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MOUNT HOLLY HERALD

Mount Holly, N.J., Thursday, October 26, 1961

Seaman Tells Of Brush With Dread
Mako Shark

SAN MIGUEL, P.I. -- A Birmingham seaman had a harrowing brush with a dreaded Mako shark while skin diving in the South China Sea, but escaped unscathed, thanks to his alert wits.
In a letter to home, Seaman Ronald Kumpf*, son of Mr. and Mrs. Hume C. Kumpf, of Birmingham, related the spine-tingling adventure that occurred while he and a friend were week-ending on the Capones Islands.
His letter follows:
"Last weedend, Kurt, one of the families from the Base, and I, went to the Capones Islands for a picnic and some skin diving.
"The most exciting event of the day took place while I was skin diving quite a distance off shore in water about 30 feet deep. Neither Kurt nor I took our aqua lungs along that day so I was just snorkel diving on the surface, when I saw a shark, about a four-footer, making a big circle around me -- deep down in the crystal-clear water. You can imagine my surprise and sudden fright! Well, it made one last big circle and disappeared into the dark water of a ravine. I guessed that it had come up from the deep water and was now returning there. Nevertheless I began to head back toward shore.
"A few seconds later, while I was still far from shore and still in deep water, I saw a shadow out of the corner of my mask. I turned my head to look, and there, not an arm's length from me, swimming beside me, was another shark. The thing was no less than six feet long and the color of blue steel with a white belly and a pointed nose. Before I could do a thing it bent its body in the middle so that it was facing me -- and gave a sudden lunge! In utter terror of his gnawing my torso, I offered my arms and legs in a shower of bubbles.
"The shark was, I guess, scared of the bubbles and moved away, but as soon as the screen of bubbles rose he again made a sudden attack! I kicked at his snout and waved my arms so violently and yelled and groaned, underwater, so much that he again retreated to a "safer" distance (about three feet).
"I can truthfully say, that in all my life I have never been so terrified and so close to insanity. I could think of nothing but his pulling me down and killing me but he hadn't bitten me yet and I wasn't giving up. He stopped for a second and came at me again. I didn't have a knife or a spear nor any weapon to defend myself with since I was just diving to "look around".
"Without a SCUBA I could not dive down to get away -- and since he was almost upon me again, I could not retreat. Suddenly it flashed through my mind that sharks have been known to be afraid of loud noises so I slapped my hand on the surface of the water with all my strength. I could just see his sleek head pass just six inches from my right leg, which was now pulled up close to my body. The sound of my hand on the water did the trick, for he turned and finned down into the dark water out away from shore.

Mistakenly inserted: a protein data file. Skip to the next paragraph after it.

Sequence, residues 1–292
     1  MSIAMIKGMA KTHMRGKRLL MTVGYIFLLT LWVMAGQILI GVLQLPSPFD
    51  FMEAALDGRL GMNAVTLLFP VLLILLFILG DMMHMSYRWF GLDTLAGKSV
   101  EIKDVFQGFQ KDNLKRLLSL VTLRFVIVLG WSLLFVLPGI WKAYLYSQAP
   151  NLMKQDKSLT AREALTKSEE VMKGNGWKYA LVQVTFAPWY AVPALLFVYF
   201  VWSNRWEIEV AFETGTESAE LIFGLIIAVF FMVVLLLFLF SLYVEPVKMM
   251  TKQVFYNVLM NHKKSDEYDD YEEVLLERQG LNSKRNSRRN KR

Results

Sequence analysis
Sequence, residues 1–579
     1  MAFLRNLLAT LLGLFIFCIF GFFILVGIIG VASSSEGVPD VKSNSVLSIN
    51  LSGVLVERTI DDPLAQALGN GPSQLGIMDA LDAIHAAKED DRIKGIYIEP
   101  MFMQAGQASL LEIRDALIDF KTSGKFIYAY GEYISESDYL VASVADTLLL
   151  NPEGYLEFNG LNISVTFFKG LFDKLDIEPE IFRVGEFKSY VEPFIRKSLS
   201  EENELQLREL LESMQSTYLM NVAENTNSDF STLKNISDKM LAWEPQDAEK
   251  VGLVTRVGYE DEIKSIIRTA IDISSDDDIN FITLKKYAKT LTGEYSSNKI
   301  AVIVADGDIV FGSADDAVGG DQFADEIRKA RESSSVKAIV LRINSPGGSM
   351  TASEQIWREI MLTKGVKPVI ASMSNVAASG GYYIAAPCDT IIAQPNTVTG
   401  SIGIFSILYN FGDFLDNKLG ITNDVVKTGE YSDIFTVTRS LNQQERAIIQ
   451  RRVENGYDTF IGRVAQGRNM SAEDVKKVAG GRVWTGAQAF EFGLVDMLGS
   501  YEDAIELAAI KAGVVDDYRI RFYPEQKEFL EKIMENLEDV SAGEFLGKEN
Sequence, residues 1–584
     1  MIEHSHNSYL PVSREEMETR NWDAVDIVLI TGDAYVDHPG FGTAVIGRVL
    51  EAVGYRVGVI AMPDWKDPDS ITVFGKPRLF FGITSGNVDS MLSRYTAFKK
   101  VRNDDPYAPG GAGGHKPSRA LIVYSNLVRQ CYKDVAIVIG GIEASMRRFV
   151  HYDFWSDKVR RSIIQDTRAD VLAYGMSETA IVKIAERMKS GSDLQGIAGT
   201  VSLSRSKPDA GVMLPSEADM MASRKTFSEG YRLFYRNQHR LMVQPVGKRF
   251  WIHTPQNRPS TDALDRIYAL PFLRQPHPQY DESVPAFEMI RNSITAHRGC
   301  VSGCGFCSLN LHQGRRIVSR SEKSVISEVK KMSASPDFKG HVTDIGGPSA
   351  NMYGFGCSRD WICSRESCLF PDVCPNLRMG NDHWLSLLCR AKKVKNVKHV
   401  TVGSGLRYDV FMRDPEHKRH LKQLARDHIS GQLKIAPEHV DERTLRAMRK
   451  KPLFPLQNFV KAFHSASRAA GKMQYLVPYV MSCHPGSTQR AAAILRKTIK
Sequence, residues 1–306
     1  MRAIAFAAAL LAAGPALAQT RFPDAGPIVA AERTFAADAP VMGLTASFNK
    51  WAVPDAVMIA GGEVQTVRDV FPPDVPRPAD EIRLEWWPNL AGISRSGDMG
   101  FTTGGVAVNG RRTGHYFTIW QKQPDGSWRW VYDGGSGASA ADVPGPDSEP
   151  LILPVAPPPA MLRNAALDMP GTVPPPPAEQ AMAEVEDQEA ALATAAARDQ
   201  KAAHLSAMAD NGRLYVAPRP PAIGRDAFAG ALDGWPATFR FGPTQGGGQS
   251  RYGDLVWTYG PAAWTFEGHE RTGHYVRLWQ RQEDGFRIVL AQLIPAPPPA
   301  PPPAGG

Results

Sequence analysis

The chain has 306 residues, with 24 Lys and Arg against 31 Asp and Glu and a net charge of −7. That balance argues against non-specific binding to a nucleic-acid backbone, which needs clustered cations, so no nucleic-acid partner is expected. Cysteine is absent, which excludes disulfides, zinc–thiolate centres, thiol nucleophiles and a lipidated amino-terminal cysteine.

"I swam toward shore just as fast as I could, trying not to make any splash with my fins. I kept looking around and behind me, sure that it would follow me but it didn't. When I got to the beach I was exhausted and trembling with terror. It was the first time in my life that I really thought I was going to die. I had been frightened before but never felt that I was facing death. It's an awful feeling.
"Well, enough of that, except that I should tell you that I have ordered a powered spear and knife from the Navy Exchange and that I'll never again go skin diving with nothing to defend myself with.
"By the way, we have deceided from the color and shape of the shark that it was a Mako, which is one of the worst! Boy, am I lucky he wasn't determined!"
Kumpf* enlisted in the Navy in September 1960, took his boot training at Great Lakes, and graduated from Yeoman school in Bainbridge, Md., before being sent to his present post in the Philippines, last March. At San Miguel he has served as assistant editor of the station newspaper and is currently doing clerical work in the administration office. He was graduated from Pemberton High in 1960.

*alias - 'Matchbox' Ron
*alias - Ron 'Noodleman' Carter

The above article was on the front page of the newspaper in October 1961

Note: The first time I visited Key West, was on a Greyhound bus trip after graduating from Navy Yeoman school in Bainbridge, Md. I was on my way to the Philippines for two years. After returning from the Philippines, while stationed in Washington DC, Presedent Kennedy announced that Soviet nuclear weapons were in Cuba. I was immediately flown to Key West where, the very next morning, I was stationed at the southernmost point and was closer to Castro's Cuba than anyone else in America.



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